“That integration has gone really well. Then, we’ve expanded to include more team members in Ohio, where the KARNO development team was originally based. We’ve also taken people who are part of the powertrain focus and moved them to focus on stationary power generation because, at the end of the day, it’s a different technology but it has a lot of overlap: how do you move electricity from batteries to an e-motor on a truck as opposed to how do you move electricity from a generator into the grid.”

Hyliion operates from two primary locations: Cincinnati, Ohio, for research and development and Austin, Texas, for manufacturing. The production journey began with single-digit unit output, and after various iterations, has now reached what Hyliion considers its production-intent or BETA design. The company anticipates low volume production in the near term, with revenue growth expected to reach the low double-digit millions in the following year.

“Long term, we do see scaling into much more sizable numbers, which is going to need more additive machines and increasing their throughput. The nice thing is that we’ve run the economics already, and based on where additive technology is today, we can make this an economically viable product. What’s will be interesting isas we go forward and increase speed and throughput, it will determine how much more of the market can we go after—like competing directly against a conventional diesel engine. The nice thing is that the KARNO generator has a much lower operating cost than conventional generators do. So, you don’t necessarily need to get cheaper upfront than a diesel,ou just need to be less expensive over the long-term total cost of ownership.”

Given Hyliion’s history with GE, it’s no secret that the company uses Concept Laser powder bed fusion machines to 3D print its parts. This began with the entry-level M Lab system, before the company advanced to M2s and then an X-line, the largest printer in the series. Despite the fact that Hyliion has progressed to the highest end of GE 3D printers, the company continues to use the M Labs alongside it in order to fill capacity.

Generation Applications

The KARNO generator stands at the forefront of efficiency and versatility. Designed for distributed power generation, it promises to make a profound impact on power needs, boasting fuel-agnostic capabilities and higher efficiency compared to traditional grid operations.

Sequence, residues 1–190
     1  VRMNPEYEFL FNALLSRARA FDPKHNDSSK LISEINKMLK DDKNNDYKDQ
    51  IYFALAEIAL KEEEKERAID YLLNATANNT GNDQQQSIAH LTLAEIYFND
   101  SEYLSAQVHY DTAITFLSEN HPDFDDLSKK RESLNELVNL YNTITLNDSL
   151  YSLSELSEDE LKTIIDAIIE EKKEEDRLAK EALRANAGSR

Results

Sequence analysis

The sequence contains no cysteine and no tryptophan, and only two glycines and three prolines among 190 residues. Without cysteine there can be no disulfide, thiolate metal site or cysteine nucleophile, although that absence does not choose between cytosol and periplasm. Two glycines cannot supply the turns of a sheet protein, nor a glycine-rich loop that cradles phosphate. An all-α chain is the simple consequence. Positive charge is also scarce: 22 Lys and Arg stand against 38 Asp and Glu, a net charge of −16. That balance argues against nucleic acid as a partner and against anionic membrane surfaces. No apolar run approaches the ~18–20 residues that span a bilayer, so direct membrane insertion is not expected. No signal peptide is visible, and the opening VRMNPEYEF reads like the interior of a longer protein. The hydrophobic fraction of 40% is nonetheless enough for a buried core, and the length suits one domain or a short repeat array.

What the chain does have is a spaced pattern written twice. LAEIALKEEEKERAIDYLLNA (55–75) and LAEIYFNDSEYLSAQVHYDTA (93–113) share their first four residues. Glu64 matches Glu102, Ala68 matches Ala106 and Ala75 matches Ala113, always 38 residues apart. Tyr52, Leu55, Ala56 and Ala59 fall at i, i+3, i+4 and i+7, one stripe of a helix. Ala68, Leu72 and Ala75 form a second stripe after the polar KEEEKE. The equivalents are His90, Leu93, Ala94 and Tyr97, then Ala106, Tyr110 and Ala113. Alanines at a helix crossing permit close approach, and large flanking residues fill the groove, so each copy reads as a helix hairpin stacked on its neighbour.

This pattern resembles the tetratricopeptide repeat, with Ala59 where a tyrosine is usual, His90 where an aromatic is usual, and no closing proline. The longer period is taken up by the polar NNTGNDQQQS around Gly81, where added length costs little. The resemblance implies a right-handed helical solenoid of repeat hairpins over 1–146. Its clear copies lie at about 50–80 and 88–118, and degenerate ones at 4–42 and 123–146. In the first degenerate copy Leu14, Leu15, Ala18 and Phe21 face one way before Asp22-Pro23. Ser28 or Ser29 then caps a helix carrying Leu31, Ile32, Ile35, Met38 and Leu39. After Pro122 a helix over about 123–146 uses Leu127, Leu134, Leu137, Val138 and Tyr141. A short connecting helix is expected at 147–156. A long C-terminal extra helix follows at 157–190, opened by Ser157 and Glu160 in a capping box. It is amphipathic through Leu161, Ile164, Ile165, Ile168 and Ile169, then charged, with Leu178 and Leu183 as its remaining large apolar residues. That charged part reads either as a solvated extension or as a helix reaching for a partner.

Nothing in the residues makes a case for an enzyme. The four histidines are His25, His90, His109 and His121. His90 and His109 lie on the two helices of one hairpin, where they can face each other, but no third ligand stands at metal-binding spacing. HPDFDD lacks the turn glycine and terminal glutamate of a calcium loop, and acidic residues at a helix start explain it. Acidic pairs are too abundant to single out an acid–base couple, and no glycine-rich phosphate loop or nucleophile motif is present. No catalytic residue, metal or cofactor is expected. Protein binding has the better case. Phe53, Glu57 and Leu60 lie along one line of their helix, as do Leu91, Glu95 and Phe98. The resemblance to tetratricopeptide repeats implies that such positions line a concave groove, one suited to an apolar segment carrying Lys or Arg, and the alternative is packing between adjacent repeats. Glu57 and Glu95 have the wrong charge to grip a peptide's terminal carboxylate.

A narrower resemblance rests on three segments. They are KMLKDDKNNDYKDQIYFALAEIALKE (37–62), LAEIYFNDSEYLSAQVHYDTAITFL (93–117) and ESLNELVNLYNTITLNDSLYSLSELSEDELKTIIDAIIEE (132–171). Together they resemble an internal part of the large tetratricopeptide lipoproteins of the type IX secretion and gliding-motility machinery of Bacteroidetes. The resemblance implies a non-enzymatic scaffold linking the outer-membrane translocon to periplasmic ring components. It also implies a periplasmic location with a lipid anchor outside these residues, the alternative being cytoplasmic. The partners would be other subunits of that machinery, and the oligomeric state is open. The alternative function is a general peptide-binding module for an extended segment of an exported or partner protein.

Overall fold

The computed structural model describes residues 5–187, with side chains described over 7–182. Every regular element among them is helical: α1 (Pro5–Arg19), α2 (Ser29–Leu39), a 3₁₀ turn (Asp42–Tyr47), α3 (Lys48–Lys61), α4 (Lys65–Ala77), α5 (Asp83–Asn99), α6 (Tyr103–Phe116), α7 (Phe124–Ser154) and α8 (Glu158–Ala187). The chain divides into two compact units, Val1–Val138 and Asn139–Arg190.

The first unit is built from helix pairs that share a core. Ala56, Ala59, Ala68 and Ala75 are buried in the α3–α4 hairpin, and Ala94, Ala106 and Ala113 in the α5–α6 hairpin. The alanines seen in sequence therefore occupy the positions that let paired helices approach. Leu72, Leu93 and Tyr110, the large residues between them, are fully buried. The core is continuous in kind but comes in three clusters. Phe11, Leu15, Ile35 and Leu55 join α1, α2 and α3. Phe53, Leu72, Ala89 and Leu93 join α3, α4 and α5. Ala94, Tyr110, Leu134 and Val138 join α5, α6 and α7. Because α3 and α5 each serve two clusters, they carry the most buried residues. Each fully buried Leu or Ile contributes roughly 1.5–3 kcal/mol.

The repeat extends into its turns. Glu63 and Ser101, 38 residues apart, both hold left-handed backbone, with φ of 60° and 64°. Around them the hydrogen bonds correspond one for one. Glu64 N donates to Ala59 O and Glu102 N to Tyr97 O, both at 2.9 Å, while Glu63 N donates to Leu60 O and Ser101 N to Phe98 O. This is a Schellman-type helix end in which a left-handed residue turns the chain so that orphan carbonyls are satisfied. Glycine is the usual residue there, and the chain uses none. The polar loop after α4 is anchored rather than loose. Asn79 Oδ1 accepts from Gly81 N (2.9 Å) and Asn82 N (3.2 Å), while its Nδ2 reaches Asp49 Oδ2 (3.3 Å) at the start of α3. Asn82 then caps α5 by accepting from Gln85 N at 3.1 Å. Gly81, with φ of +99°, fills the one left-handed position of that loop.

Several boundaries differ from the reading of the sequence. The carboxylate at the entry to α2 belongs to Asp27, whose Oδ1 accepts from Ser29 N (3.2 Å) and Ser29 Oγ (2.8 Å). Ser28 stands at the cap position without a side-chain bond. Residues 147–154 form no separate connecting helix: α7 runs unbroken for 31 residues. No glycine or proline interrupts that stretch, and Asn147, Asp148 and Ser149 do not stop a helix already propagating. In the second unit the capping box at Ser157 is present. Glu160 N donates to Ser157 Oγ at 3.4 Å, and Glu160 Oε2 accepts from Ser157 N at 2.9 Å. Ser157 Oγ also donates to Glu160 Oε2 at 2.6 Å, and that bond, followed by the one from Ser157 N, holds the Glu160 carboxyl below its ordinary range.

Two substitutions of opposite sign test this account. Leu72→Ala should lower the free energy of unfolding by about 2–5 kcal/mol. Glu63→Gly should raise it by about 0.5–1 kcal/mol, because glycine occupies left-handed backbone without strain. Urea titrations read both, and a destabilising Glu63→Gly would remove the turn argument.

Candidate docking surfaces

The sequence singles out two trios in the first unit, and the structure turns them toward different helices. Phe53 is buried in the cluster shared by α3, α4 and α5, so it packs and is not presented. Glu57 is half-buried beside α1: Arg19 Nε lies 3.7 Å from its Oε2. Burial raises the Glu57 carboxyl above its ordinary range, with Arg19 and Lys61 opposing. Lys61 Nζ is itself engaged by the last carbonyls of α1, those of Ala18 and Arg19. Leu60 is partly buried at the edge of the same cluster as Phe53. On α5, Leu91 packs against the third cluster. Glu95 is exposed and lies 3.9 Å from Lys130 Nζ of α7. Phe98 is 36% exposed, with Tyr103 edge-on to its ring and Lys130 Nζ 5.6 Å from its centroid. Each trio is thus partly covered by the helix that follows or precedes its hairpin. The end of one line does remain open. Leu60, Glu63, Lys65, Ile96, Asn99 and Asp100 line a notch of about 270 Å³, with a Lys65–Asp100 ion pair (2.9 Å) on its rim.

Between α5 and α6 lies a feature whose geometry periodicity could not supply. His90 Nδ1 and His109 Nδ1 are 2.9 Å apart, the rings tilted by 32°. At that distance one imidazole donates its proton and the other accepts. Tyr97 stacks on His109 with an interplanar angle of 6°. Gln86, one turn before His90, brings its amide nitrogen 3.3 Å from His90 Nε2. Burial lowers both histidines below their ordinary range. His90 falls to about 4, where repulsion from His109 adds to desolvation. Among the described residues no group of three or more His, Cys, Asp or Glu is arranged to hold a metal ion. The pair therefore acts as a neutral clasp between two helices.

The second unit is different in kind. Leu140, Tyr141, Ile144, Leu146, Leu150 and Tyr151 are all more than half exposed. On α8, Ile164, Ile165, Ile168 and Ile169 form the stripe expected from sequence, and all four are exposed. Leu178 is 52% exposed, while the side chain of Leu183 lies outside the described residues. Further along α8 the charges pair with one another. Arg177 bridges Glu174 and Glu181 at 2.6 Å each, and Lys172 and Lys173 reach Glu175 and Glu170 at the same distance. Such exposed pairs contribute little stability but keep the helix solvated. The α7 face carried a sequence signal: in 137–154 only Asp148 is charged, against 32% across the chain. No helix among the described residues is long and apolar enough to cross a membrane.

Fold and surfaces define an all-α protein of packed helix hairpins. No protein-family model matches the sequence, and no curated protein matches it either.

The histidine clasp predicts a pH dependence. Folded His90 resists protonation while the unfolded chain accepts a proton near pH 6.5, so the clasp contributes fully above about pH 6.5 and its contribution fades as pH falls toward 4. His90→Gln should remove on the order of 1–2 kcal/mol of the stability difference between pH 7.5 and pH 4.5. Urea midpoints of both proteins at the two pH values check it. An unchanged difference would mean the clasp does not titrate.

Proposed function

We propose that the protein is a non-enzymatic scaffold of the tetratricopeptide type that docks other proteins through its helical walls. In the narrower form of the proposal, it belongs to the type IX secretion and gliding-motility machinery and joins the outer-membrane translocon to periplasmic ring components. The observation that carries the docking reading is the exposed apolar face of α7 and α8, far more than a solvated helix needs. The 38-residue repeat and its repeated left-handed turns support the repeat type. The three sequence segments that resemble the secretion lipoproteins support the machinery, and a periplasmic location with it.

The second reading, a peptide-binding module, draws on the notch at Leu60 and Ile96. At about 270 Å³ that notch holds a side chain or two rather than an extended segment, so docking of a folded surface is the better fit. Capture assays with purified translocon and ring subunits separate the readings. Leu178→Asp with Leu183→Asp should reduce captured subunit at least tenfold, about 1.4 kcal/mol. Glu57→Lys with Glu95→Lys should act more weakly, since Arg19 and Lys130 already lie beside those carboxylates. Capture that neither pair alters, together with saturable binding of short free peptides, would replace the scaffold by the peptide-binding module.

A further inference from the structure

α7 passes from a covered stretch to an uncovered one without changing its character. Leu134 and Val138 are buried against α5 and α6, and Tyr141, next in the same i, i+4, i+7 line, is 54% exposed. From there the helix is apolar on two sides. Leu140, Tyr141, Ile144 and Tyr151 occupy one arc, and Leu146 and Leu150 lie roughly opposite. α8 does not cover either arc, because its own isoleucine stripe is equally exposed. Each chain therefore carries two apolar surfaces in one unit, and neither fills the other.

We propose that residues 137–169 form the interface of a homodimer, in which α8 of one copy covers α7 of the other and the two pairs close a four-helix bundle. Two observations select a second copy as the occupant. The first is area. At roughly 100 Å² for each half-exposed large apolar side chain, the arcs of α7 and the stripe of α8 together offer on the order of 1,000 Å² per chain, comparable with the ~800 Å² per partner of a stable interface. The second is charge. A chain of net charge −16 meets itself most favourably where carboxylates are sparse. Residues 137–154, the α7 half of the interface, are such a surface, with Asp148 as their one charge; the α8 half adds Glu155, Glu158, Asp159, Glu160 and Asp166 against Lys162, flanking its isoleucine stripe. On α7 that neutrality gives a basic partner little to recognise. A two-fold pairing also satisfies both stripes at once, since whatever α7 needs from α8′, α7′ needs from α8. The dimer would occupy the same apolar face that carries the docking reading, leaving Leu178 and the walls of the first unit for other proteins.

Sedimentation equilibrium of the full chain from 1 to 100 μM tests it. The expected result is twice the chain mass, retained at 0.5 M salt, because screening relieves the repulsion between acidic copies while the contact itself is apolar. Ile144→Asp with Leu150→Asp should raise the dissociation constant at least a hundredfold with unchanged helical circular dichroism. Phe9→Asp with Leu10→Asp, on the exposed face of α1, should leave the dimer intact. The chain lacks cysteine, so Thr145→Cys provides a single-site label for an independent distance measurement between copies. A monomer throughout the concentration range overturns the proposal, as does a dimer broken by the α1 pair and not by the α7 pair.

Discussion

Hyliion has outlined four primary markets for the KARNO generator: EV charging, waste gas from landfills and oil and gas sites, prime power for commercial buildings and data centers, and mobility. The company already has customers set up in some of those buckets. Once BETA units are shipped out to them later this year, the plan is to scale growth heading into next year.

“We need more power generation for the grid. We have things like data centers, EV chargers, and more things being electrified, more generally. We need more power. One of our philosophies is that the best way to get more power is to move to more efficient power generation. If you look at the grid today, it operates at like 35% efficiency. If we can make the grid 50% efficient, you just solved the need for more power without having to use more fuel to make that power. That’s where the KARNO generator is: that step change.”

Rather than clear out 250 acres of land to set up a power plant, KARNO technology makes it possible for an existing facility to improve its energy efficiency nearly instantaneously. Healy emphasizes the generator’s ability to transition seamlessly between over 20 fuels, including hydrogen and natural gas, with small adjustments to software but no hardware modifications.

“This solves the problem of what the grid is facing, where people don’t know what the fuel of the future is. There’s so much speculation around hydrogen, but now ammonia is coming into the discussion. There are some people who say that we’re going be running natural gas for a long time and it’s not going away anytime soon. The KARNO generator gives you that flexibility that’s kind of future-proof. It also offers a more immediate deployment capability. Whereas a power plant is going take many years to build, the KARNO generator could be deployed behind your facility and start making power immediately.”

Going forward, AM not only presents a huge opportunity for Hyliion, but energy generation presents a huge opportunity for 3D printing as well. As efficiency gains are achieved beyond the field of aerospace and in energy overall, there’s a chance for countless industrial and consumer systems to be improved with AM. As a result, GHG associated with human activity can be reduced while also giving 3D printing the momentum it needs to scale. This is an area of which Hyliion is keenly aware, meaning that, as the world embarks on an unprecedented shift to new forms of fuel, the company could stand to be one of the major drivers and benefactors in the process.

Images courtesy of Hyliion.